Any information submitted as part of a FORT record will be used for data collection purposes only. If you require a direct response, please contact a member of the Flood and Coastal Risk Management team at email@example.com.
In the event of a flood, there are many authorities available to help. Below outlines who should be contacted for the various types of flooding incidents and emergencies that occur. The local authorities rely on information reported to them to inform any investigations and prioritisation of investment.
If it is an emergency and there is danger to life as a result of flooding you should not hesitate to call 999.
To report flooding of the highway and blocked drains contact Devon County Council’s Highway Customer Service Centre on 0345 155 1004 or visit www.devon.gov.uk/drainage. Office hours are Monday to Friday 8am – 8pm and Saturdays 9am – 1pm. For emergencies outside of these hours call 01392 383329.
For any flooding on major trunk roads (the M5, A30, A38, A35 and A303) contact the Highways Agency on 0300 123 5000 (24 hour service).
To report flooding from sewers and water pipes contact South West Water on 0344 346 2020 (24 hour service).
For enquiries about flood warnings contact the Environment Agency’s Floodline on 0345 988 1188 (24 hour service).
For general enquiries about Main River or flooding from the sea contact the Environment Agency on 03708 506 506.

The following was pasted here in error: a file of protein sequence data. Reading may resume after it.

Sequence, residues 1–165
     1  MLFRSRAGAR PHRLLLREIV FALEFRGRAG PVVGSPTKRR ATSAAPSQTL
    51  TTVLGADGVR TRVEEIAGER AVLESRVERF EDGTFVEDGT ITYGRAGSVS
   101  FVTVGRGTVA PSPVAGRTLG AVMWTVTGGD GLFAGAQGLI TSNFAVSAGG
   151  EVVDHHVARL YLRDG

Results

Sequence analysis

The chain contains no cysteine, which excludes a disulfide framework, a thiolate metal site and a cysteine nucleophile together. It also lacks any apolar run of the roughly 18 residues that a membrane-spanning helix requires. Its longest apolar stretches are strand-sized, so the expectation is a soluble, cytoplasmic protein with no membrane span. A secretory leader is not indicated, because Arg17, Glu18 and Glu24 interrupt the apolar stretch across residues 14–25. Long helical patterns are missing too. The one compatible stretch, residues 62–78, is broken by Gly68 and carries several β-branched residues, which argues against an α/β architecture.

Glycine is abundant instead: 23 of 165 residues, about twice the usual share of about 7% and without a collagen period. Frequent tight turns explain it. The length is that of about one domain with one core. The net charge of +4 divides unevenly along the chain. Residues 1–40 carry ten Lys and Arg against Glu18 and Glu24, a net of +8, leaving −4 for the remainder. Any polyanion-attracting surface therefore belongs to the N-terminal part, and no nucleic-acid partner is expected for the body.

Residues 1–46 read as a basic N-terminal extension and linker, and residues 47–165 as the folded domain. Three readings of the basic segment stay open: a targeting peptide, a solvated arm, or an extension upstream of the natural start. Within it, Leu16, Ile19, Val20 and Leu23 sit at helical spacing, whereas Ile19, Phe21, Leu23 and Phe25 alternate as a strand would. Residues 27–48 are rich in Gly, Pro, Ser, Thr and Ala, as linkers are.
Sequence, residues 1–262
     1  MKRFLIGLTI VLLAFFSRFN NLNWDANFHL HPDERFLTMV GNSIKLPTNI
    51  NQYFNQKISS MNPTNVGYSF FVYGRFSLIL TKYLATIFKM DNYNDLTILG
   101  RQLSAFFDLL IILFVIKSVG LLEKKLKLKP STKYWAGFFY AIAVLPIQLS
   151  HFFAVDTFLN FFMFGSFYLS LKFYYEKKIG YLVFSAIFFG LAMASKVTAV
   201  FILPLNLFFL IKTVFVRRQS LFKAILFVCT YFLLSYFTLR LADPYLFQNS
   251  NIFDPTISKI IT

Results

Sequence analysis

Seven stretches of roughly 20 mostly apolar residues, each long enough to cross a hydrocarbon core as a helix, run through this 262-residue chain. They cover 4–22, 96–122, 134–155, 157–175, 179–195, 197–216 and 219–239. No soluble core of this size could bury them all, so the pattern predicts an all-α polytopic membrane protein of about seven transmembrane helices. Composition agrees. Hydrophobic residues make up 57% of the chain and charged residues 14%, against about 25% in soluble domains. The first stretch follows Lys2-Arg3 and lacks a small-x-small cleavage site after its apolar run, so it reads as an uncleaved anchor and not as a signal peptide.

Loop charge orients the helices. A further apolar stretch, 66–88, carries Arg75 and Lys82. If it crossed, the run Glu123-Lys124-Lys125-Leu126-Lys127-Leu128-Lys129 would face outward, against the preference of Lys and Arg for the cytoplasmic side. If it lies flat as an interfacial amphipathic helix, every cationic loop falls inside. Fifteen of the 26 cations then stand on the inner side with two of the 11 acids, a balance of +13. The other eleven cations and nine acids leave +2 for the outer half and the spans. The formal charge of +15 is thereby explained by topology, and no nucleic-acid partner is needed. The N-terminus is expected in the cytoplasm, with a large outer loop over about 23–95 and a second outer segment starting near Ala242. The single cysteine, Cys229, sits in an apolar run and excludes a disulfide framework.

Please refer to Devon County Council and Environment Agency web pages for advice on what to do before, during and after a flood. In the first instance of flooding and sandbag requests contact your local District or Parish Council to be directed to any local sandbag supplies that may be available.
Sign up to flood warnings: https://www.gov.uk/sign-up-for-flood-warnings
As reported earlier in this update the main Strategy document is to be updated every 6 years with the next publication to be released at the end of the year for the period 2021-2027. Over the last 12 months we have been reviewing the content of the strategy to ensure it is still fit for purpose, relevant and a valuable tool in flood risk management. Key stakeholders have been consulted alongside the public consultation process.
Any updates before this new publication will be shown as addendums on the Flood Risk Management website. When these addendums are updated, key partners will be consulted, including members of the Flood Risk Management Partnership and Project Board.